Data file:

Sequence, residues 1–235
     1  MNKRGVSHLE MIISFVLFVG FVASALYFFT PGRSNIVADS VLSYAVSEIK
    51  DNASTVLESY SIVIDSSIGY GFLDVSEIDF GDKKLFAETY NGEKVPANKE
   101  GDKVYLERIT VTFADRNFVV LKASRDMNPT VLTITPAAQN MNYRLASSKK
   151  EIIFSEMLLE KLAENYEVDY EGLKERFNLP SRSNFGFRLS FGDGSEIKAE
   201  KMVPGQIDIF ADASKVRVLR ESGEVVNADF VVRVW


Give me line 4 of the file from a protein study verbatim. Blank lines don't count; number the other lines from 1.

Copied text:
   101  GDKVYLERIT VTFADRNFVV LKASRDMNPT VLTITPAAQN MNYRLASSKK